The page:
Research will help lead to better use of nitrogen

31 May, 2010 12:56 PM

THE production of wheat and barley varieties which can access and use nitrogen more efficiently could cut farmers’ fertiliser bills while reducing environmental damage from leaching.

A recently started five-year Grains Research and Development Corporation (GRDC) funded project aims to help achieve this goal. It will assess genetic variability in nitrogen use efficiency in Australian wheat and barley germplasm, including advanced breeding lines.

The project involves researchers from the University of Western Australia (UWA), the Department of Agriculture and Food WA (DAFWA) and the University of Sydney, with contributions from major Australian breeding companies.

It was among research discussed at the GRDC’s "More Profit from Crop Nutrition" workshop in Adelaide this year.

GRDC western panel member Fran Hoyle was among those at the workshop which reviewed progress within GRDC crop nutrition projects, discussed plans for the future and improved communication between researchers from different projects and regions.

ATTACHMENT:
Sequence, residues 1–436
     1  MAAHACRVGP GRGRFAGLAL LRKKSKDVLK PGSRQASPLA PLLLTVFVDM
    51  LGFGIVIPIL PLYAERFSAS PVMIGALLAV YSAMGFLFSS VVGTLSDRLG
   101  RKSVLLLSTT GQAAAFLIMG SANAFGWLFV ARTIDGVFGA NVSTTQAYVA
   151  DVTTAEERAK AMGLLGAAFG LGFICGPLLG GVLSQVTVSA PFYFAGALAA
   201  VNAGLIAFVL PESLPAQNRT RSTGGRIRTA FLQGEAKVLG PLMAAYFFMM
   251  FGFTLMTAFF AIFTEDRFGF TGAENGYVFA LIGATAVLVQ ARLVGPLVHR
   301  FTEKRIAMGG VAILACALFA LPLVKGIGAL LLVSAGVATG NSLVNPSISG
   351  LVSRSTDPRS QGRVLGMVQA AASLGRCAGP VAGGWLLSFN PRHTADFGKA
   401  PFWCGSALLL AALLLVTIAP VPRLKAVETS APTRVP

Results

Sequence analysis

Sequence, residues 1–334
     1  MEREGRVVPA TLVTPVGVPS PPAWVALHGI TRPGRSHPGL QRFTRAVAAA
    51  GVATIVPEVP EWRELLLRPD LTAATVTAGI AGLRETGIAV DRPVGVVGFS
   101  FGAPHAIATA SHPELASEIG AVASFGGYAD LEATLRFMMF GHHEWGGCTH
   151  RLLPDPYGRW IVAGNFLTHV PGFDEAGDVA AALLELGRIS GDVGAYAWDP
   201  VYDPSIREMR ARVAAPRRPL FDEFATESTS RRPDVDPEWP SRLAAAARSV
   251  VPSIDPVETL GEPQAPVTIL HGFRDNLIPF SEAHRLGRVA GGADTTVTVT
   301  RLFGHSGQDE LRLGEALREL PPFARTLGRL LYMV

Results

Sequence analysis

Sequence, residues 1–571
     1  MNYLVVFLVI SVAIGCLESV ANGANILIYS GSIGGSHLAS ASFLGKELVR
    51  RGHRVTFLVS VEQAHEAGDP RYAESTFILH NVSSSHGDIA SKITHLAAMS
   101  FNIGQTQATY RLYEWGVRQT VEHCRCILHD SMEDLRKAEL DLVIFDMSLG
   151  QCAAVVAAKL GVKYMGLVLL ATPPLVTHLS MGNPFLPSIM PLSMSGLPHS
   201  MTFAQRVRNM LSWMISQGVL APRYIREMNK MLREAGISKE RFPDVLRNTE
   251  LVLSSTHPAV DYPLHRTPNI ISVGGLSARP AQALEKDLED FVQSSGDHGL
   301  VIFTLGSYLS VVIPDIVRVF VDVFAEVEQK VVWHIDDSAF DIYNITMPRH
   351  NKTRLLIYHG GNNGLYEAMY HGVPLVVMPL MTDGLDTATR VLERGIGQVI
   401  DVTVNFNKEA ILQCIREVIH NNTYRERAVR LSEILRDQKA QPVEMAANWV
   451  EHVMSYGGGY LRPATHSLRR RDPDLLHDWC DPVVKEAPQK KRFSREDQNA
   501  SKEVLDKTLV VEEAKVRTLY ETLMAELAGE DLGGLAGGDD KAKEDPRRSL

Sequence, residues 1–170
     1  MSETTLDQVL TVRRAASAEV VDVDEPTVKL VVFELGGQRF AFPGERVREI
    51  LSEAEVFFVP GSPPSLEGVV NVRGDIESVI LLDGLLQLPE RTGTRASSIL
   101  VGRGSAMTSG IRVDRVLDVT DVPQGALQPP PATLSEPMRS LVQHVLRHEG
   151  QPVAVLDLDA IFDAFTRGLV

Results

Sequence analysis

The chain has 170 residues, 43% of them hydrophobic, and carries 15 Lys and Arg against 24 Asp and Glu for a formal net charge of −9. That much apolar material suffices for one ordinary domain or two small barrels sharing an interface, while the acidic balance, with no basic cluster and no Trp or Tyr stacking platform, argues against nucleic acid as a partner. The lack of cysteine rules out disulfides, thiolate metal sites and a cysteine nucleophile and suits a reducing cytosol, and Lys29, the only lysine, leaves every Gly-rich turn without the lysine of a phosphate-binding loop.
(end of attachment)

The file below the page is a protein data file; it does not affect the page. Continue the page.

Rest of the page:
UWA researcher Winthrop Professor Zed Rengel said high fertiliser prices were driving the development of new cultivars better able to acquire and use nitrogen.

“Modern grain production relies on relatively large amounts of synthetic fertilisers to satisfy crop demands,” he said.

“However, current fertiliser use efficiency is relatively poor – rarely better than 30 to 40 per cent – resulting in economic losses and potential environmental damage from leaching.”

Professor Rengel said a second stage of the GRDC funded project will identify molecular markers associated with nitrogen use efficiency.

“These molecular markers will be breeding tools for enhancing the level of nitrogen use efficiency in new cultivars of wheat and barley,” he said.

Professor Rengel said many wheat and barley genotypes will be screened for nitrogen use efficiency over several years at locations in WA, Victoria and New South Wales, covering a range of climate and soil conditions.

“Preliminary data from 2009 indicated genotypic differences in nitrogen use efficiency,” he said.


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